Michael Smith joined ESPN in July 2004 as a National Football League senior writer for, covering league news and major events such as the NFL Draft, NFL Playoffs and the Super Bowl, and is currently the lead commentator for ESPN2’s Numbers Never Lie. He was a correspondent for E:60, ESPN’s first multi-themed prime-time newsmagazine program, which debuted October 2007.  Prior to joining ESPN on a full-time basis, Smith was a reporter for the Boston Globe (2001-2004) where he served as the paper’s NFL and New England Patriots beat writer.  He covered the Patriots in their first two of three Super Bowl victories – 2002 (XXXVI) and 2004 (XXXVIII).  Smith began his journalism career while a student at Loyola University in New Orleans serving as a sports reporter and copy editor for the New Orleans Times-Picayune. He received a bachelor of science degree in mass communication in 2001.  (Bio from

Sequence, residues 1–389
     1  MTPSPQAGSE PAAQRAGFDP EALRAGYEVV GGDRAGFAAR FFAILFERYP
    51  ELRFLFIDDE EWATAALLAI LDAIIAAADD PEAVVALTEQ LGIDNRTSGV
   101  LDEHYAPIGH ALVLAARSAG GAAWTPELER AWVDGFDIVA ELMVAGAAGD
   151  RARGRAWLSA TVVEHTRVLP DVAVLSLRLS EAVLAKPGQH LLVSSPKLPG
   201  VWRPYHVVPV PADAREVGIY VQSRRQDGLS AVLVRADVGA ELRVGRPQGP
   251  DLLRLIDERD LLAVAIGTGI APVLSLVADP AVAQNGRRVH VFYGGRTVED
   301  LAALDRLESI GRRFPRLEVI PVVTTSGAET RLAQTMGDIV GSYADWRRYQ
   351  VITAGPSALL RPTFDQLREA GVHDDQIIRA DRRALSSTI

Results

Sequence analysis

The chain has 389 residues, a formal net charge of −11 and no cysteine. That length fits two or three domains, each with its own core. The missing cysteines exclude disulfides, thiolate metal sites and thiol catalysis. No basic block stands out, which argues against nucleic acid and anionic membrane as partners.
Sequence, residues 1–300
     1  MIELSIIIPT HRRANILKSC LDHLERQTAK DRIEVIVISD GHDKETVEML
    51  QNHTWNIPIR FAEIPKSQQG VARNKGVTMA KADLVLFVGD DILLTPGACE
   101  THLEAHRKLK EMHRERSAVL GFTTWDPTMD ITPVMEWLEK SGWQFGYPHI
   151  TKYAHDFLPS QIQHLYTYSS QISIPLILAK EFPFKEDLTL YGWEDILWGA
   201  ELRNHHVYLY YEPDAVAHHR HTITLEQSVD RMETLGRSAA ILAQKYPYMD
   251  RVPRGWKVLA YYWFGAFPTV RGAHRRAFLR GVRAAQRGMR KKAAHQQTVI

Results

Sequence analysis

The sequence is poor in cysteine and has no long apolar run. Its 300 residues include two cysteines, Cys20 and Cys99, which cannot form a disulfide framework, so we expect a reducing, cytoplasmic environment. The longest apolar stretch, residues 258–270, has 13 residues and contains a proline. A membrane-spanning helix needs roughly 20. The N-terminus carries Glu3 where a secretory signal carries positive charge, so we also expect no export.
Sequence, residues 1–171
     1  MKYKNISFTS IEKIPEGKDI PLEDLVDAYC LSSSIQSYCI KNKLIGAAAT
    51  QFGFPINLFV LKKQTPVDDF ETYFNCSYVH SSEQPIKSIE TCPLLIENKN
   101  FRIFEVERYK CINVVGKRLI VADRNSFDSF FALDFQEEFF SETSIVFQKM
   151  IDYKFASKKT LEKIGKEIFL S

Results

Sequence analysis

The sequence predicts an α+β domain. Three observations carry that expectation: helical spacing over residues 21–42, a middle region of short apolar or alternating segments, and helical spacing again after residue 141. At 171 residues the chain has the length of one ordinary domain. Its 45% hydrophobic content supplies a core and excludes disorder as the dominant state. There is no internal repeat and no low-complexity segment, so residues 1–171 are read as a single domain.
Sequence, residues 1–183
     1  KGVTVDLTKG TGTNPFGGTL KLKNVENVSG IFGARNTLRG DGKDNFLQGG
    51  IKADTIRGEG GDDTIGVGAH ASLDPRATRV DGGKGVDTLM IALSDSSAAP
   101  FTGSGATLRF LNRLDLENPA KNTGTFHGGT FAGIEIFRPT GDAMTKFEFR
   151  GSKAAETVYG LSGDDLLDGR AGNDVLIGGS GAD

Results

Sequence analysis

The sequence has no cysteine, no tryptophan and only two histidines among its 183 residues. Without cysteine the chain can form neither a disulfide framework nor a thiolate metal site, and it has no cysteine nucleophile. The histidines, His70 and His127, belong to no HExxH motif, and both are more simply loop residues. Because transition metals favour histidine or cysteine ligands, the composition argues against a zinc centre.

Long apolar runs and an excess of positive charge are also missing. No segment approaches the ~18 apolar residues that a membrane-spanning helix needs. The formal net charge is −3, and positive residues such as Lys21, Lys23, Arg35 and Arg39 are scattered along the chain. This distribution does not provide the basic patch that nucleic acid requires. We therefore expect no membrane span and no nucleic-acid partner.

Bill Squadron has been an executive, government official and attorney in the telecommunications, sports and media fields for more than 25 years. He currently heads Bloomberg Sports, the division of Bloomberg LP that provides data, statistical analysis, and visualizations for sports professionals and fans.  Before joining Bloomberg, Mr. Squadron was President of the IP PRIME division of SES Americom, and a member of SES Americom’s Management Committee Previously, Mr. Squadron headed advanced media and technology in North America for IMG, where his team produced a variety of Web and wireless products and services in sports and fashion for Tiger Woods, Maria Sharapova, Jeff Gordon, Fashion Week at Bryant Park,, Sprint, the Staples Center, the USTA and many others.  From 1997 to 2003, Mr. Squadron was co-founder, Chairman and CEO of Sportvision, Inc., which remains the premier provider of technologies that enrich sports telecasts. Examples include the company’s Emmy-winning inventions of the 1st and Ten® yellow first down line, NASCAR “Race F/X” and the “K Zone” baseball tracking and display system. In 2001, Ernst & Young named Mr. Squadron New York City Entrepreneur of the Year in the media category. Before founding Sportvision, Mr. Squadron was Senior Vice President, Strategic Planning, at News Corporation. From 1990-93, as Commissioner of the NYC Department of Telecommunications and Energy in the Dinkins Administration, Mr. Squadron administered New York’s cable franchises, oversaw the City’s communications and energy policies, and launched and managed the City’s five-channel cable network. Prior to that, Mr. Squadron was a partner at the law firm of Morrison & Foerster in Washington, D.C., where he also served as an aide on President Carter’s Domestic Policy Staff, taught at Georgetown University Law Center, and served as Press Secretary to Congressman James Scheuer. Mr. Squadron is a graduate of Swarthmore College and the University of California, Berkeley (Boalt Hall) School of Law. (Bio from BloombergLink)